DB:  I’ve always been obsessed with monsters, villains, and scary things of all kinds. The only books I used to check out of my elementary school’s library were ones on ghosts or the Universal movie monsters, etc. As I got older and was able to see R rated films, an entire new world opened up for me. A wonderful world of masked murderers and dream stalkers. So in 1994, a friend and I decided to get together and make our own Friday the 13th sequel. We had just seen Jason Goes to Hell at the drive-in the previous summer and thought we could continue the story. So I convinced my parents and grandparents to play the victims , which resulted in the most valuable (to me) VHS tape of all-time.

ML:  Bunni was produced by Red Serial Films – is this your company or did they simply call you in to direct this? If it is your company, can you tell us a little about Red Serial Films?

DB:  Red Serial Films was started by myself and long-time friend Steven Boling who served as producer for Bunni. He and I had been involved in making films since the late 90’s. So when the time came to start production on Bunni, we decided we needed to take the next step, gather together some highly creative talent, and create a brand striving to produce quality entertainment.

ML:  So you also wrote Bunni?

DB:  I started writing the script in the fall of 2010. I bounced it around among Steve, our script supervisors, and special effects team for about a year. This enabled us to flesh out the plot and characters more, work out the kinks, fill in the holes, and gave us a really cohesive story.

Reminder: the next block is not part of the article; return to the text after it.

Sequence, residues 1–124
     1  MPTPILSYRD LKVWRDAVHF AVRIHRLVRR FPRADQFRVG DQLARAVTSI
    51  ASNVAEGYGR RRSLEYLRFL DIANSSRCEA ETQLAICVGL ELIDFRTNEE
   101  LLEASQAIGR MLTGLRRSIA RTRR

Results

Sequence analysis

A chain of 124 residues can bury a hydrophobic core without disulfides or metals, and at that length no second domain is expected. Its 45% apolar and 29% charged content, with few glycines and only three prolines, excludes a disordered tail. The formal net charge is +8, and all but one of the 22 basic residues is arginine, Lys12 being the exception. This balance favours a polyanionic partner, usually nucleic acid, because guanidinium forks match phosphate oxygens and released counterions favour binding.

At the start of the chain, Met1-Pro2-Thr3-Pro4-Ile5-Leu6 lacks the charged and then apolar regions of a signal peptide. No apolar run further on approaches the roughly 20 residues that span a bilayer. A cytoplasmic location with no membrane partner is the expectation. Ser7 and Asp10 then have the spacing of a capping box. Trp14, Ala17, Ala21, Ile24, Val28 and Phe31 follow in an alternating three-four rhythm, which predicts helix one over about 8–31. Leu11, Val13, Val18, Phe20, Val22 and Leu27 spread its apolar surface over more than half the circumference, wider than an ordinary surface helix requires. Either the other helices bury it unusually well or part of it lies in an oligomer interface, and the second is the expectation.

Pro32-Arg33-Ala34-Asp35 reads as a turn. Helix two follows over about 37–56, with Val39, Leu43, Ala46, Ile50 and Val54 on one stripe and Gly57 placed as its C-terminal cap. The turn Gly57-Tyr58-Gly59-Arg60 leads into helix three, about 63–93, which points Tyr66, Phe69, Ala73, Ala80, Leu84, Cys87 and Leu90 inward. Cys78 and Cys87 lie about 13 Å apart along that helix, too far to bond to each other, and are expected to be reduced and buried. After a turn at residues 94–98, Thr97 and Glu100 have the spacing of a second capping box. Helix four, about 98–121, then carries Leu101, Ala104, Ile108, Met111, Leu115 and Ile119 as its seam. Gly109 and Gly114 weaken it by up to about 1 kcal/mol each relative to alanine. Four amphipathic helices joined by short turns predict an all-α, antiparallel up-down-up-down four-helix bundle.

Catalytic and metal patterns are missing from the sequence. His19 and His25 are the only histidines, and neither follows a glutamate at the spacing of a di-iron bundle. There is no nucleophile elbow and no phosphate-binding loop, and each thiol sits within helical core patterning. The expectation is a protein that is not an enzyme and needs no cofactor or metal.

ML:   Bunni, from the trailer, looks to be a slasher film. What’s the synopsis?

DB:  Bunni takes a classic slasher stance. Basically four people are walking home from a Halloween party and make the terrible mistake of breaking into an abandoned building where a killer waits to bludgeon them. Two of the group discover what appears to be living quarters and a disturbing home video that reveals a horrific truth.


We’re by no means redefining the horror genre; our goal was to create an entertaining movie with originality at the same time paying homage to slasher films of the past. And I think we’ve accomplished that.

ML:  Can you tell us a little about the cast of Bunni and what they’ve done before this?

DB:  Mercedez Varble portrays Paige- the film’s protagonist. Mercedez is involved with the Theater Workshop of Owensboro and most recently starred in their production of Little Shop of Horrors.   Paige’s boyfriend, Chris, is played by Kent Blue who is a regular cast member on the October Road Youtube channel.

ML:  Is directing and filmmaking your full time gig or do you have a “day job”?

DB:  I currently produce tv commercials as a living, so I’m constantly writing/directing. I hope to be able to continue to do feature films and take it as far as I can.

ML:   Do you have any advice for future directors and filmmakers?

DB:  I would tell anyone interested in doing films to just make one regardless of your resource limitations. Use whatever equipment you have, collaborate with anyone willing to help you, and create something that you love. Everyone has to start somewhere. It doesn’t matter if you have a Red Epic or a Sony Handycam, or whether you use Final Cut Pro or edit with 2 VCR’s, a cassette player, and Mario Paint (which is what I started with.)